Today we are debating an issue which we all know is under discussion in Whitehall. We came into office in February 1974 with a commitment to open government, to the review of great policy issues, and to seeing that the public and those who ought to be involved in discussions knew about them before the final process of decision making took place. I cannot in all honesty say that is happening in the review of transport policy which is now going on. I shall have some hard words to say to my hon. Friend the Under-Secretary of State and to any others from his large Department who may join him on the Front Bench at a later stage.
I understand that somewhere among the 84 economists in the Department of the Environment—I should like a study of their productivity at some time—a review is going on in the general context of the cuts in public expenditure which have been announced. We know that it is happening.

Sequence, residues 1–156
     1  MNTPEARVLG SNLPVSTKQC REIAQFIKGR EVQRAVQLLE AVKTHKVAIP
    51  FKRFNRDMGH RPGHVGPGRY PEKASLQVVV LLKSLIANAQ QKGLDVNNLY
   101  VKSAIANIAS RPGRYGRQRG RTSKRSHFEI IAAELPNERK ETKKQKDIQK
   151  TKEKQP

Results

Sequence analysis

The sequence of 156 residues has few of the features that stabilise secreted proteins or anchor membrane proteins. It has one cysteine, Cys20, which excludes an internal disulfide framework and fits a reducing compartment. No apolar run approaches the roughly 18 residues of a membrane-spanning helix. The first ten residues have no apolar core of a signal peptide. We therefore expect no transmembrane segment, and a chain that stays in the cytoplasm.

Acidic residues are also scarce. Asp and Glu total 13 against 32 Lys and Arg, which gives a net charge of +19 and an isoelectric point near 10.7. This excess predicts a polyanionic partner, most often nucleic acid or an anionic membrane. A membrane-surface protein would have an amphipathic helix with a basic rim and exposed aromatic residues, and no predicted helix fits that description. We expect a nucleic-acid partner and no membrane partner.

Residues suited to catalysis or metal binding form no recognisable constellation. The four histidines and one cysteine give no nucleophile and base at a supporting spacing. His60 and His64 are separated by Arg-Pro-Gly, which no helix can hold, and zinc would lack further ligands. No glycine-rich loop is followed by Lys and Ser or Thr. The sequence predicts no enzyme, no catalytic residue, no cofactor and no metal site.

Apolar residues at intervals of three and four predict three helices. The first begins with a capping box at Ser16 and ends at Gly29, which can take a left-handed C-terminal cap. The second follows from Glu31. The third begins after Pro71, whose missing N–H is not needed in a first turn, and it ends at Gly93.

I think that we should hear, in this first debate for many years in this House on the need for an integrated transport policy, what Government thinking is before the key decisions are taken rather than, as often happens and as happened with Chrysler, only after the decision has been taken. That decision involved us in a constitutional argument whether 1687 the evidence as to how the decision was arrived at could be given to a Select Committee. That is not the way in which we should be proceeding.
As I said, not only is a review going on but a number of studies have been commissioned. I have one from Professor Hall which has not been published, shown to the railway unions or openly discussed. This study, commissioned by the Department of the Environment, advances the extraordinary theory that all the railways should be torn up and replaced by high speed lorry and bus ways. That is not an item in the public debate. It should be, and I propose to bring it into the debate today.